Goodreads, that favorite social platform for readers looking to share and learn about books, has released its list of the best books of the year, as chosen by its site users. There are many good titles included on this list, but we’re excited by how many books by female authors were chosen.
While December is the month of “best of 2013” lists, and there will be many, many book lists floating around on the Internet, we thought we’d give the Goodreads selections a look since they were chosen by you, the readers, rather than us, the critics.
We put this novel, by the author of the über-popular The Kite Runner and A Thousand Splendid Suns, a book on our radar back in July. Bustle's Nathalie O’Neill wrote of the title that Hosseini “delivers again.” The book is a daringly complex narrative of several generations of Afghans who move back and forth between their home country and the Western World, tracing their history from the country's pre-Soviet Union days to the invasion of American troops following 9/11.
Nonfiction: The Autistic Brain by Temple Grandin
This book is a scientific exploration of autism with a personal touch, since Temple Grandin is autistic herself. Grandin, who couldn’t pass high school algebra due to her neurobiological differences, went on to earn a Ph.D and designed a more humane cattle processing system that won her much acclaim. If you’d like to hear Grandin speak before diving into her book, check out her TED talk on neurobiological differences and why the world needs different kinds of minds. (Which she should know about, since her brain, though sometimes troublesome, was able to design that processing plant without ever laying pen to paper — yes, she made it in her head.)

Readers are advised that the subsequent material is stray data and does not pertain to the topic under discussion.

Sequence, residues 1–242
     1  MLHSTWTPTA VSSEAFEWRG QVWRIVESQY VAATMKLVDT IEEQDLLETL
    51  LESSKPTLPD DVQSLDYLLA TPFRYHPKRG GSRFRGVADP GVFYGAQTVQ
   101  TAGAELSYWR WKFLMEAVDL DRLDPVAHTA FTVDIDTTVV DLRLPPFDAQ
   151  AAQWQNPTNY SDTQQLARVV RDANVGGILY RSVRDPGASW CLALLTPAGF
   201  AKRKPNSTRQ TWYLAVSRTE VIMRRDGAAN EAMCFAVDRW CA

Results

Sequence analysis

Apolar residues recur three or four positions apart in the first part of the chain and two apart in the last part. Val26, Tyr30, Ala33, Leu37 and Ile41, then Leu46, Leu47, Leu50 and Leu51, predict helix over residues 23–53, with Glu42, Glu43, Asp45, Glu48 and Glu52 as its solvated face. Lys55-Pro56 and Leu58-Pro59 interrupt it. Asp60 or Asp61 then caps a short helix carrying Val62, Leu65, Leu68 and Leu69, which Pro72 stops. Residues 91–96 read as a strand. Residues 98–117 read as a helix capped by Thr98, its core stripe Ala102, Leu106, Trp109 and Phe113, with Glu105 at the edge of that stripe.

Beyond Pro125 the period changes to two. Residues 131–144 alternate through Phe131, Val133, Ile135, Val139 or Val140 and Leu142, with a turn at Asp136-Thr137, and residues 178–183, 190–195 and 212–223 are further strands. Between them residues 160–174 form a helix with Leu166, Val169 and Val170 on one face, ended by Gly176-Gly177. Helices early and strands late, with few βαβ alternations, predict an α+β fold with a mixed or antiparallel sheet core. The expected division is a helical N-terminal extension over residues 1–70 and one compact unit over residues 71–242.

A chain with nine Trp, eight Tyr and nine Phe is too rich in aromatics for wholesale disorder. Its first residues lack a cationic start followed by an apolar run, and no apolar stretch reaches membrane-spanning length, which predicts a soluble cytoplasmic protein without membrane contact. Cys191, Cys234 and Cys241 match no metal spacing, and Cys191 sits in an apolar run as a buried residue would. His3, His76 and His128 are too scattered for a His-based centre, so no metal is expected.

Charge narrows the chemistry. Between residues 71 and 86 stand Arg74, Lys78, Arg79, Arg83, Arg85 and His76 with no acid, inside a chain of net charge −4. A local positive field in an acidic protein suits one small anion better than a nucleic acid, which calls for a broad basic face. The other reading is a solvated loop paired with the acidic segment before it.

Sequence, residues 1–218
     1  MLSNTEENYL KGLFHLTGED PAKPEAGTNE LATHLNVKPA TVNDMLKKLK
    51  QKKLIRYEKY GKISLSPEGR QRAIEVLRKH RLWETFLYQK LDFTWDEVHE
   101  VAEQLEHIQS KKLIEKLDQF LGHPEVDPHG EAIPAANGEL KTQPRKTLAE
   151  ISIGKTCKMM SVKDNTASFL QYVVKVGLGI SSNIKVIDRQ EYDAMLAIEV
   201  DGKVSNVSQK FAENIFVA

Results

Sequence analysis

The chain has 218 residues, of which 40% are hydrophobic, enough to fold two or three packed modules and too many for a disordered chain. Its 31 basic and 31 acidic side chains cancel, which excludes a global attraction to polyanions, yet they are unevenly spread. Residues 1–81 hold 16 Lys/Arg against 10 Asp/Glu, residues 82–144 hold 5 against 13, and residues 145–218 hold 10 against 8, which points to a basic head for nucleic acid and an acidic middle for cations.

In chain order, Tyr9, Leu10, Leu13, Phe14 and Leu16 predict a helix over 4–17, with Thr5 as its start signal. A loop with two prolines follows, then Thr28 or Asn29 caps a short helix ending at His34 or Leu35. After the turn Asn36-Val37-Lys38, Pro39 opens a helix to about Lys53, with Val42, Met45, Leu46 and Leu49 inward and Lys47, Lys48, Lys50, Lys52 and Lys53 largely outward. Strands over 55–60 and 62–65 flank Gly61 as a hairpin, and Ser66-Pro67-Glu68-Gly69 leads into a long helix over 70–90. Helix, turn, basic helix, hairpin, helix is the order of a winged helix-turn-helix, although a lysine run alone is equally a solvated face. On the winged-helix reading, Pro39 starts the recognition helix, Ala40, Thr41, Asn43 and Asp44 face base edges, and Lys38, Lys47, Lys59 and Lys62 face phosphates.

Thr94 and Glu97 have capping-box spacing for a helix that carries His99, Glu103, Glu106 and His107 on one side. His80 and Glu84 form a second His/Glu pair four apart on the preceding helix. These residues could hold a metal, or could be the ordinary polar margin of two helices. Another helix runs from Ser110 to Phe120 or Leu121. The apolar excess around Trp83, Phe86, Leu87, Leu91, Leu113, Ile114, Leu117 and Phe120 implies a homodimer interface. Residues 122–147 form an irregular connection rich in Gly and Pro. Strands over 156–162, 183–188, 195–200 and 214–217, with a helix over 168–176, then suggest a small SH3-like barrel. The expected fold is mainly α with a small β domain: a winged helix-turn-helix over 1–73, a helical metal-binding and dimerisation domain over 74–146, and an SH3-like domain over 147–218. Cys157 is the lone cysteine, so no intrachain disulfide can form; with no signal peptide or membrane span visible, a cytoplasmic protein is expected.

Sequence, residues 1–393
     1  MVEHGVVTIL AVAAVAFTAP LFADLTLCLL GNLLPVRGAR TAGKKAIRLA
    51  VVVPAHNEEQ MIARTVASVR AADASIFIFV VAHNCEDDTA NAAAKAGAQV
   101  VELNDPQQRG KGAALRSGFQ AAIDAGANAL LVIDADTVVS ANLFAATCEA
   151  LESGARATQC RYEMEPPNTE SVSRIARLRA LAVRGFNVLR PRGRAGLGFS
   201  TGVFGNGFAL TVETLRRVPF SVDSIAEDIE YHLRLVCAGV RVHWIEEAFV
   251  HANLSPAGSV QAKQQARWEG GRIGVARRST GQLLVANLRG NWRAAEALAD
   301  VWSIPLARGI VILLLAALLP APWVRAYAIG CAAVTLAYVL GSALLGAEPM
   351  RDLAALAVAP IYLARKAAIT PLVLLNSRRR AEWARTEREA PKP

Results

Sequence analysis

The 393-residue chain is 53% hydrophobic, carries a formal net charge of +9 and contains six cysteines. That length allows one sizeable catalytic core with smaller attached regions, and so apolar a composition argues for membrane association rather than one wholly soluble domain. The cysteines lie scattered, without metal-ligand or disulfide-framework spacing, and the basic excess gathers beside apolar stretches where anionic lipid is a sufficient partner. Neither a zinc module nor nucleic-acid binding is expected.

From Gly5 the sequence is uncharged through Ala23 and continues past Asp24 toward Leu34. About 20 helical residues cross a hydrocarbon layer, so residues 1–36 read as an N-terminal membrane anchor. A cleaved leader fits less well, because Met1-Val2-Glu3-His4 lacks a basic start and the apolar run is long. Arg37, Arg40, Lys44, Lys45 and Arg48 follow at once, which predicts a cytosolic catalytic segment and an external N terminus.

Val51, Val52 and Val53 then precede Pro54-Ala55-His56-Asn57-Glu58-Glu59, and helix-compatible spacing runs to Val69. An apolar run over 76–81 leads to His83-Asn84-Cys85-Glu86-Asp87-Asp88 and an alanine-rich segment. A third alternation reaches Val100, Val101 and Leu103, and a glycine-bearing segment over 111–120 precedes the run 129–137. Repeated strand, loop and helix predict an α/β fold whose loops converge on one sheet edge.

Brosh, the creator of the well-known blog-comic-strip hybrid Hyperbole and a Half, came out with a book of based on the blog this year. With child-like yet evocative stick figures, Brosh tackles hefty subjects like depression as well as lighter ones like childhood misadventures.
Memoir: I Am Malala by Malala Yousafzai
Written by Malala Yousafzai, a teenaged Pakistani girl shot in the head for trying to attend school, the memoir tells of her life in Pakistan under the strict, conservative rules of the Taliban. After recovering, Malala spoke at the United Nations, was nominated for a Nobel Peace Prize, and, to top this all off, published her life story on the one-year anniversary of being shot. This book is certainly a tale of triumph.
Check out the rest of the winners here.